Selime monastery was carved by monks in the 13th century and includes three churches (one pictured above), monks’ quarters, a large kitchen and stables for animals. 

40-50 people once ate around this table

We had a lot of fun exploring all the nooks and crannies this place had to offer and as with everything on this tour, we wish we could've stayed a bit longer.  Such is the nature of paying others to lead you around...

Finally, we stopped at the rim of Pigeon Valley before visiting an onyx factory.  The jewelry was beautiful but alas, we were there to sightsee, not buy.  

mandatory sightseeing adorable photo op = free

The next day after hiking around a bit, we toured the open air museum where almost a dozen churches were built to house Christians during the 14th and 15th centuries.  All had intricate frescoes, some more artistic and stylistic than others (photos were not always allowed, click the link above to see better examples).  How they did this back in the day amazed us.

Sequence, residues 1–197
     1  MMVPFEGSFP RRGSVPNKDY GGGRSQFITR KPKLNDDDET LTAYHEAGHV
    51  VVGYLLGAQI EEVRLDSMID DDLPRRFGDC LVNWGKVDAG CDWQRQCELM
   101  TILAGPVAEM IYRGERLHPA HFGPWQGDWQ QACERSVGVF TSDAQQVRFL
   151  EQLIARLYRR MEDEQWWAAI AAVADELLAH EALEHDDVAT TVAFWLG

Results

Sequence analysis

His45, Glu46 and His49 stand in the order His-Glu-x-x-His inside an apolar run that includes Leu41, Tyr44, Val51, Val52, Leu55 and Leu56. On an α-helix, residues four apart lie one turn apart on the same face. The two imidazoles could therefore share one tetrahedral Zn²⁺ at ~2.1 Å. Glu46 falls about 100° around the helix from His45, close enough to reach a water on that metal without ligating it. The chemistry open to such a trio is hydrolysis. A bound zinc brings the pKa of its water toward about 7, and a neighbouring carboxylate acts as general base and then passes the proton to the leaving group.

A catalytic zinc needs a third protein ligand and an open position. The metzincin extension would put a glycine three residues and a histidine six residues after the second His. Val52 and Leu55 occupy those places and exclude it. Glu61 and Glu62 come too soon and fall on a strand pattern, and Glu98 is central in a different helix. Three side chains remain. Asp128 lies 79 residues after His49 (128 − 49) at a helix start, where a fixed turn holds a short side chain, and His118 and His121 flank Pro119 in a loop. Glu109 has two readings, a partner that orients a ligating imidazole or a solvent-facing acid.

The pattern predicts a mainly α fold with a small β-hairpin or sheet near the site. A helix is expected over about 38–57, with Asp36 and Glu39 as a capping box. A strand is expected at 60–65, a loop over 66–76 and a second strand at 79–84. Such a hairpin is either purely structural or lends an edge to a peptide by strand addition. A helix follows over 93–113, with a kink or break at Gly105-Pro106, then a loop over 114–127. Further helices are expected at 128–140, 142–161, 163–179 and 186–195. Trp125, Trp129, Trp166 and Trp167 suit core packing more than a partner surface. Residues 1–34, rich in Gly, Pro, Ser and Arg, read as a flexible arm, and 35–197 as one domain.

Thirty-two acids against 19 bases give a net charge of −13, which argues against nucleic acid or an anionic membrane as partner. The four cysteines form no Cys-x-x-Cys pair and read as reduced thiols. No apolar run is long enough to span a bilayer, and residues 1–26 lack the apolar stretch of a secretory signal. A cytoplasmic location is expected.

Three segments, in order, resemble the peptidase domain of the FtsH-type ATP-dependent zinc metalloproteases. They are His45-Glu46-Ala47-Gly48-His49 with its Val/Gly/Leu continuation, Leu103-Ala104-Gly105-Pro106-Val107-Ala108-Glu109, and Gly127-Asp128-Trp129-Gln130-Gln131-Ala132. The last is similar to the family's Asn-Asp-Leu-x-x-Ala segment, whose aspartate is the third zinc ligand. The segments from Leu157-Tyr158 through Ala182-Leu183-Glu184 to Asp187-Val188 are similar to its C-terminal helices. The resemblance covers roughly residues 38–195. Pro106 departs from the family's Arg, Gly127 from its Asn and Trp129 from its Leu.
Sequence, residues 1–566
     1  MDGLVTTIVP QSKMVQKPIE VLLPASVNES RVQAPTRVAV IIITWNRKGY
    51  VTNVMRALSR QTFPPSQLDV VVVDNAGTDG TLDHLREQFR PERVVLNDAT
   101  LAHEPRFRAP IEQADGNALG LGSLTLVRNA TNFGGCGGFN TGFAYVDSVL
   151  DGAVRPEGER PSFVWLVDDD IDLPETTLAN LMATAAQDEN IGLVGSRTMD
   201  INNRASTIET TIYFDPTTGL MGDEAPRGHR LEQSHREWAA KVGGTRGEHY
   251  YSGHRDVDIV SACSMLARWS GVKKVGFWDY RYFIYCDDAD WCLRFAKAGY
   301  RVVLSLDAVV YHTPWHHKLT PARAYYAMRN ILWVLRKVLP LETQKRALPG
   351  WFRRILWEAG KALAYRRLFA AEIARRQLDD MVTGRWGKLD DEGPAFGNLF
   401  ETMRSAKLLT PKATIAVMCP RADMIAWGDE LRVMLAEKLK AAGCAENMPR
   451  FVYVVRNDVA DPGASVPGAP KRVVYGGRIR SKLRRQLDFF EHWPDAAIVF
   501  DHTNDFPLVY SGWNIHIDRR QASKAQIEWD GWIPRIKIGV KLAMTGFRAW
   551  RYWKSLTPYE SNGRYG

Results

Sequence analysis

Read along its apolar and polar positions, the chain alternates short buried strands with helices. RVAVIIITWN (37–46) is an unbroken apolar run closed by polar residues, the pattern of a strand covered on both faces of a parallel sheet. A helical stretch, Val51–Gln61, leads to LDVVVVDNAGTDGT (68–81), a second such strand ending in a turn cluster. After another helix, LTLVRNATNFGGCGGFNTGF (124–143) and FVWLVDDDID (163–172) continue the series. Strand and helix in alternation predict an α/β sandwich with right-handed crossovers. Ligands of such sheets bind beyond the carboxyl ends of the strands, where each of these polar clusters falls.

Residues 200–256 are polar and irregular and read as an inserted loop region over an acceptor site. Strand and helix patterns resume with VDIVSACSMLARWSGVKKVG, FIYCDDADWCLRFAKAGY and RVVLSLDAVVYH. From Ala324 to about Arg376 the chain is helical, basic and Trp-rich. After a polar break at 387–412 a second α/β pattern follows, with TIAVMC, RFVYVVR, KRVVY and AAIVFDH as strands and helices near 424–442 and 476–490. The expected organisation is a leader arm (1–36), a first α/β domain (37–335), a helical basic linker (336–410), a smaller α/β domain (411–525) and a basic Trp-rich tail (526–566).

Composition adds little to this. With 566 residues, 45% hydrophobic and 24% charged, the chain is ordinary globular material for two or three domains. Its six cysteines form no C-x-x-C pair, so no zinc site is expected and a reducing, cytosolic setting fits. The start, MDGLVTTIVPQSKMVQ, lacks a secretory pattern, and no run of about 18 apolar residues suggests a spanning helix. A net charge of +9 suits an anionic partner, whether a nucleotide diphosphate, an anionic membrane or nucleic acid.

how they remain intact today astounds us

Cappadocia is THE place to do a hot air balloon ride but the day we signed up, the tour was cancelled due to bad weather.  Next time, perhaps...  Or maybe we will just leave that to the tourists so that we can enjoy more beautiful valley walks.

like this one

Otherwise the weather was good and the moon was out in full force the whole time we were there.

all we needed was...

... a little Turkish delight

... or a tripod

Food notes:

  • lentil soup was everywhere so we embarked upon the lentil soup Pepsi challenge...
the winner - Sarmasik

  • dried fruit was also in abundance and we enjoyed local dried apricots, mulberries, plums, raisins and figs